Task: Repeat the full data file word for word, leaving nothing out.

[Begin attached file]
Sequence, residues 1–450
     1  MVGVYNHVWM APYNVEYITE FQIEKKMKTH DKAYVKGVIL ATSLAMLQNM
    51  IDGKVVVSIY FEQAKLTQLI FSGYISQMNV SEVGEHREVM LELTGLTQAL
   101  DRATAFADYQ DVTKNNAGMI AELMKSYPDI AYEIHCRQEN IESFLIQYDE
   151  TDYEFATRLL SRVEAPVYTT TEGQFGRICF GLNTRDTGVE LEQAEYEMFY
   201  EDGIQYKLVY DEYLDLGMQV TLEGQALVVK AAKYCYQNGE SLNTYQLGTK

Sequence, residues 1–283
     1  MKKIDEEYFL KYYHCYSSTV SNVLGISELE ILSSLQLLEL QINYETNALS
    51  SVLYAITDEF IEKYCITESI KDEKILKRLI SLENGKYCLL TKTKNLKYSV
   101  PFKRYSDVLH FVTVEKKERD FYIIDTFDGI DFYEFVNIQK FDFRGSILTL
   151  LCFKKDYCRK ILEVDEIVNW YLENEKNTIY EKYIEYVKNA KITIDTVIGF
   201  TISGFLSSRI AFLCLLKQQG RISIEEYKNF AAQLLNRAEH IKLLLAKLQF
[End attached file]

Sequence, residues 1–450
     1  MVGVYNHVWM APYNVEYITE FQIEKKMKTH DKAYVKGVIL ATSLAMLQNM
    51  IDGKVVVSIY FEQAKLTQLI FSGYISQMNV SEVGEHREVM LELTGLTQAL
   101  DRATAFADYQ DVTKNNAGMI AELMKSYPDI AYEIHCRQEN IESFLIQYDE
   151  TDYEFATRLL SRVEAPVYTT TEGQFGRICF GLNTRDTGVE LEQAEYEMFY
   201  EDGIQYKLVY DEYLDLGMQV TLEGQALVVK AAKYCYQNGE SLNTYQLGTK

Sequence, residues 1–283
     1  MKKIDEEYFL KYYHCYSSTV SNVLGISELE ILSSLQLLEL QINYETNALS
    51  SVLYAITDEF IEKYCITESI KDEKILKRLI SLENGKYCLL TKTKNLKYSV
   101  PFKRYSDVLH FVTVEKKERD FYIIDTFDGI DFYEFVNIQK FDFRGSILTL
   151  LCFKKDYCRK ILEVDEIVNW YLENEKNTIY EKYIEYVKNA KITIDTVIGF
   201  TISGFLSSRI AFLCLLKQQG RISIEEYKNF AAQLLNRAEH IKLLLAKLQF